In verse 27 Jesus says, “Do not work for the food which perishes, but for the food which endures to eternal life, which the Son of Man shall give to you.” Those words should have brought the words of the prophet Isaiah to their minds. Isaiah 55:2 says, “Why do you spend money for what is not bread, and your wages for what does not satisfy.” God has given mankind a hunger for things that this world cannot satisfy. Jesus is telling them about two kinds of food: food for the body and food for the soul or spirit. He’s telling them that He is the only One who can satisfy their deepest needs, the hunger of their souls. He’s also implying that we need to work to provide for our physical needs. In the context of that particular situation, Jesus may have been using the word “work” to describe how they wearied themselves by walking around the lake to find Him in order to get more free food. But only God can provide lasting satisfaction. Physical food “perishes” in two senses. If it is not eaten, it become stale, rotten, or ,moldy. But if it is eaten, it perishes in the sense that the body uses it up and in a few hours we are hungry again. We need more food to replenish what has been digested and its nutrients are now gone. Have you ever considered how much of your time is spent eating? If you are a typical person who lives an average lifetime, you will probably spend about 35,000 hours of your lifetime eating. That’s eight years of eating non-stop for 12 hours each day. That’s a lot of eating and that’s a lot of food! If we have to spend that much time satisfying our physical hunger for food, how much more time should we be spending in the satisfaction of our spiritual hunger for God!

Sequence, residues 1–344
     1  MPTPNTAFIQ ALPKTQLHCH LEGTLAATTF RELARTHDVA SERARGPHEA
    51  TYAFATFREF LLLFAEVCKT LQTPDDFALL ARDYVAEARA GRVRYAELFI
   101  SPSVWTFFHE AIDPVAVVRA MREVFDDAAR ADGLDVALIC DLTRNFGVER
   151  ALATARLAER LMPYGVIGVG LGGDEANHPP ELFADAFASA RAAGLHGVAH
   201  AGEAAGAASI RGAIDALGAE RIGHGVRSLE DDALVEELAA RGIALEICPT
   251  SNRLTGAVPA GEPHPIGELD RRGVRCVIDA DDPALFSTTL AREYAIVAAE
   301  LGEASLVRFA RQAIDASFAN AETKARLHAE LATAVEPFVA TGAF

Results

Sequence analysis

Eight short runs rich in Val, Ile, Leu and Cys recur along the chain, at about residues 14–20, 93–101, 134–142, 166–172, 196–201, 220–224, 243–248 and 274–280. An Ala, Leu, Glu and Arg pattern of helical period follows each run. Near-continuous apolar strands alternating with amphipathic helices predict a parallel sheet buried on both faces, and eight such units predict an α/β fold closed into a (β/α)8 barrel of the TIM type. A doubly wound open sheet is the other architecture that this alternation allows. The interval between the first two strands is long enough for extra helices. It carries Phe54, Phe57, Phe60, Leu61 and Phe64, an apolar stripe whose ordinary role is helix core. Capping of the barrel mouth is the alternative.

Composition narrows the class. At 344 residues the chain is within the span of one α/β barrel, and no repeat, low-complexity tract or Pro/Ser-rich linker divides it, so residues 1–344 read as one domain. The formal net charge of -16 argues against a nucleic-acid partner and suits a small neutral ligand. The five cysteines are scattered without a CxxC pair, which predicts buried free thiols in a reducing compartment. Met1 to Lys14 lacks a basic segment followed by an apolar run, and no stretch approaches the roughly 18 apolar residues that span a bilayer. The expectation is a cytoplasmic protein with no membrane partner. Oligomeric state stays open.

The wisest man in the Old Testament, King Solomon, who may also have been the wealthiest man in the Old Testament, wrote a book of the Bible entitled “Ecclesiastes”. In this book, Solomon describes his search for happiness and fulfillment. He went down many dead-end streets, pursuing wisdom, pleasure, riches and work, and found that they were all vanity, “striving after wind”. These things did not fill the emptiness in his soul. His conclusion: “fear God and keep His commandments, because this applies to every person” (Ecclesiastes 12:13). Only the worship of God, and the living of one’s life to please Him, brings lasting satisfaction.